Each day passes by and you have nothing to prove that it even happened. Did you achieve something? Go on a date? Have an emotional breakthrough? Who knows?

But what you do know is that you don’t want to make the same mistakes that you’ve made in the past.

Our lives are full of hidden gems of knowledge and insight, and the most recent events in our lives contain the most useful gems of all. Do you know why? It’s simple, those hidden lessons are the most up to date, meaning they have the largest impact on what we’re doing right now.

But the question is, how do you get those lessons? There’s a simple way to do it, and it doesn’t involve time machines:

Journal writing.

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Improved mental clarity, the ability to see our lives in the big picture, as well as serving as a piece of evidence cataloguing every success we’ve ever had; we are provided all of the above and more by doing some journal writing.

Journal writing is a useful and flexible tool to help shed light on achieving your goals.

Here’s 5 smart reasons why you should do journal writing:

1. Journals Help You Have a Better Connection with Your Values, Emotions, and Goals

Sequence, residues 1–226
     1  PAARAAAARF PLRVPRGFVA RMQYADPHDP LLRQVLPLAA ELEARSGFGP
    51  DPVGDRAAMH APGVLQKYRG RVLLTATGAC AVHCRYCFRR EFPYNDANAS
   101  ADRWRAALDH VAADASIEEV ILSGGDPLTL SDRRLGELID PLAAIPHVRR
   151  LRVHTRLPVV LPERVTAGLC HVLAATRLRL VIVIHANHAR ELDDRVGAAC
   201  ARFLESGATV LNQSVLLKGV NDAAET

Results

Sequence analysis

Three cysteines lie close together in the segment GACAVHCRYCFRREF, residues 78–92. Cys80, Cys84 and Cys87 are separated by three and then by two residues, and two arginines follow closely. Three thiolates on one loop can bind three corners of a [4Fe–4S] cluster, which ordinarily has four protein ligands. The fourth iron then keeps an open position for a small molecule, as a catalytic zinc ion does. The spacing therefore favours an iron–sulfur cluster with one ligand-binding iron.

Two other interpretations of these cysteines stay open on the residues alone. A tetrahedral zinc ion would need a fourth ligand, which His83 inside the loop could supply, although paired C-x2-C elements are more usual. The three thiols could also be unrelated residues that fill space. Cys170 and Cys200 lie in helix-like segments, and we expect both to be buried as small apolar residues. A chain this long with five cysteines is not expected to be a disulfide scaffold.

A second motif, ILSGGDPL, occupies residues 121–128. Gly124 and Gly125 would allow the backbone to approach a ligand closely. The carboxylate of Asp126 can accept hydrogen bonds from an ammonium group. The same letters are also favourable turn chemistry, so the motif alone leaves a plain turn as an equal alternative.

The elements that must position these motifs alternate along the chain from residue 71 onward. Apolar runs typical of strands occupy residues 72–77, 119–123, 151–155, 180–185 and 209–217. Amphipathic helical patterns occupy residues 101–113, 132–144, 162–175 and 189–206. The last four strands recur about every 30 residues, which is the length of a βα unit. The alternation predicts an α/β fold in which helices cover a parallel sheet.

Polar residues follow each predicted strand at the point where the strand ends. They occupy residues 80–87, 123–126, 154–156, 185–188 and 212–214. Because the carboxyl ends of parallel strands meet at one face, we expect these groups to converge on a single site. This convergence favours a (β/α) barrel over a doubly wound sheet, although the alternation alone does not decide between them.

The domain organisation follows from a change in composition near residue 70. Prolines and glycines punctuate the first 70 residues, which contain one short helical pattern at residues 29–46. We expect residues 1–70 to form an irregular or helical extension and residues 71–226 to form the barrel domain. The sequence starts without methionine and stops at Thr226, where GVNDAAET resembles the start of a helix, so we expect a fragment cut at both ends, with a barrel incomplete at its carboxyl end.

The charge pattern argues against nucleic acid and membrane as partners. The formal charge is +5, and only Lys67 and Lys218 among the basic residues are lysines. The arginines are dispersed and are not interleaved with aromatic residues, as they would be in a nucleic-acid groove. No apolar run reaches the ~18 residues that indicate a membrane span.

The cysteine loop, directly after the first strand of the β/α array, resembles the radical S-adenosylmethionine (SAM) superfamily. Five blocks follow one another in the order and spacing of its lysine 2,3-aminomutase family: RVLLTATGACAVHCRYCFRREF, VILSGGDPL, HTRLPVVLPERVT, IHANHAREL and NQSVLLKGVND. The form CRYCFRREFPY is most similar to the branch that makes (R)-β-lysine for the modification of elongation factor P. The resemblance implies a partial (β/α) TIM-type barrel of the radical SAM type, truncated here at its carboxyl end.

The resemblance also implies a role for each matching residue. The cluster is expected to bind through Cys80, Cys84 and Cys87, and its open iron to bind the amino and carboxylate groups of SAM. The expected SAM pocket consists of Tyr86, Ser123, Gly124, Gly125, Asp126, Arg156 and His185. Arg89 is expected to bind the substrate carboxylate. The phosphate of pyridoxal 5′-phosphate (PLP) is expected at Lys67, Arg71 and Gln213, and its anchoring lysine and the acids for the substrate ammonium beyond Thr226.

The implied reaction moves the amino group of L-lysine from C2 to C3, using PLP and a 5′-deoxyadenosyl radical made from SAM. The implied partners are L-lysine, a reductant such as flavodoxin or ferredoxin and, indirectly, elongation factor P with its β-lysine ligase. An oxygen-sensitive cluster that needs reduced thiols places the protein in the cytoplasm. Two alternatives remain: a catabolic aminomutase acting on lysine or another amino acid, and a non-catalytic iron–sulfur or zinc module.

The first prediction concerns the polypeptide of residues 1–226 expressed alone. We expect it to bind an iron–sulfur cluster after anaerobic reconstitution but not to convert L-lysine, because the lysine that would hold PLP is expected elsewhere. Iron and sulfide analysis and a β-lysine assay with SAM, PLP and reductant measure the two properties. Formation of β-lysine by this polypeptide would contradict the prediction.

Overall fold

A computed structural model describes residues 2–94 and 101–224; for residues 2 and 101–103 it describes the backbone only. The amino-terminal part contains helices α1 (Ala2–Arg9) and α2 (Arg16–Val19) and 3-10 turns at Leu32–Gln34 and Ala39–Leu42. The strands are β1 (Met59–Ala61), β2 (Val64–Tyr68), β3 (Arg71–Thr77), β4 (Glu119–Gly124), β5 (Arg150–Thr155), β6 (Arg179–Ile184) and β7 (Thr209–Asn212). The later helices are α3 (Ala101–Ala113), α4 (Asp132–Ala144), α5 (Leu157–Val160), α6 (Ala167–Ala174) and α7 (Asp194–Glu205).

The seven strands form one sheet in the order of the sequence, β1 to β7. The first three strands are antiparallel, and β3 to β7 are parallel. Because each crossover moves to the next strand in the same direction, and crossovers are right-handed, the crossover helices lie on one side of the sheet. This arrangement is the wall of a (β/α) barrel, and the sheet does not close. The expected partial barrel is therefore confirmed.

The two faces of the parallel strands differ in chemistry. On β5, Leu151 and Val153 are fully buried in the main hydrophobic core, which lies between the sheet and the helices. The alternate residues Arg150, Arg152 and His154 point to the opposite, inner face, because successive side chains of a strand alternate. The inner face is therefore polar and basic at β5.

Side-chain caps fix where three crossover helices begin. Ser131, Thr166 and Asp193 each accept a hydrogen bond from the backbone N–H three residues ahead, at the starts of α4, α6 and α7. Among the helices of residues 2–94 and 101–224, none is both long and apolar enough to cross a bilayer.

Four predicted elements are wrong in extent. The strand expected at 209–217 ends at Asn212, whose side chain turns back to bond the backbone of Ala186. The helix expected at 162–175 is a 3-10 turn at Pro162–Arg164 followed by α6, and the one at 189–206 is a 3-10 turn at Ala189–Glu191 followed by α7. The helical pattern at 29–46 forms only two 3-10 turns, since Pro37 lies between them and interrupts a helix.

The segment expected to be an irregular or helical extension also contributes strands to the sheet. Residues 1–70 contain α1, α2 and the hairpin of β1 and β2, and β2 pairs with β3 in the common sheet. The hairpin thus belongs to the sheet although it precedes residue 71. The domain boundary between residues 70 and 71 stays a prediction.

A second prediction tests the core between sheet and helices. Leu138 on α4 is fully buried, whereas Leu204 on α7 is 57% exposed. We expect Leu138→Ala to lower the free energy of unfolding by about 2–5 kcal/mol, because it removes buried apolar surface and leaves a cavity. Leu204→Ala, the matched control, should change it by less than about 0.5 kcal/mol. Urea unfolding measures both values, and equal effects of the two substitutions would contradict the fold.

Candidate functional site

By journaling about what you believe in, why you believe it, how you feel, and what your goals are, you understand your relationships with these things better. This is because you must sort through the mental clutter and provide details on why you do what you do and feel what you feel.

Consider this:

Perhaps you’ve spent the last year or so working at a job you don’t like. It would be easy to just suck it up and keep working with your head down, going on as if it’s supposed to be normal to not like your job. Nobody else is complaining, so why should you, right?

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But a little journal writing will set things straight for you. You don’t like your job. You feel like it’s robbing you of happiness and satisfaction, and you don’t see yourself better there in the future.

The other workers? Maybe they don’t know, maybe they don’t care. But you do, you know and care enough to do something about it. And you’re capable of fixing this problem because your journal writing allows you to finally be honest with yourself about it.